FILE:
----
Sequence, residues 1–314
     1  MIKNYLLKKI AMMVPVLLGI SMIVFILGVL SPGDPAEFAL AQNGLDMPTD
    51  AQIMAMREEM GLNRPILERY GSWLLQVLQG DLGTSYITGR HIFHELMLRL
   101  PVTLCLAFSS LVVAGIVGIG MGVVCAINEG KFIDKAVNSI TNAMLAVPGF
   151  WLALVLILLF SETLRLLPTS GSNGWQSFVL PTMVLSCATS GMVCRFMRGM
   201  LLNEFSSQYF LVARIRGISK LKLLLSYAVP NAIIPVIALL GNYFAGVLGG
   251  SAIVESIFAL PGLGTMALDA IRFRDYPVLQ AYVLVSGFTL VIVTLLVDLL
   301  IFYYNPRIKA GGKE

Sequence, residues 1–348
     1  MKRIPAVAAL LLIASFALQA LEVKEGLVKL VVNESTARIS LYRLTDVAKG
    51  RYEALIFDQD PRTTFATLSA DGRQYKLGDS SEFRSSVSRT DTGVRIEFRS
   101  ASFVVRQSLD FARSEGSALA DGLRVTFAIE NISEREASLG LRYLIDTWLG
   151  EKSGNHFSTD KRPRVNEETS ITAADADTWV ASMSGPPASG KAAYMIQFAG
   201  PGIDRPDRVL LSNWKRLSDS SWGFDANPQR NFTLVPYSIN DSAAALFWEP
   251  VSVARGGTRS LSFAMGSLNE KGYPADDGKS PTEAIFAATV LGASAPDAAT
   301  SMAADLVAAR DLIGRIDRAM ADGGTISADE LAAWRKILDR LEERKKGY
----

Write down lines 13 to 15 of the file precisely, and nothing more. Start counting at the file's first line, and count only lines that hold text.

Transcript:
   151  EKSGNHFSTD KRPRVNEETS ITAADADTWV ASMSGPPASG KAAYMIQFAG
   201  PGIDRPDRVL LSNWKRLSDS SWGFDANPQR NFTLVPYSIN DSAAALFWEP
   251  VSVARGGTRS LSFAMGSLNE KGYPADDGKS PTEAIFAATV LGASAPDAAT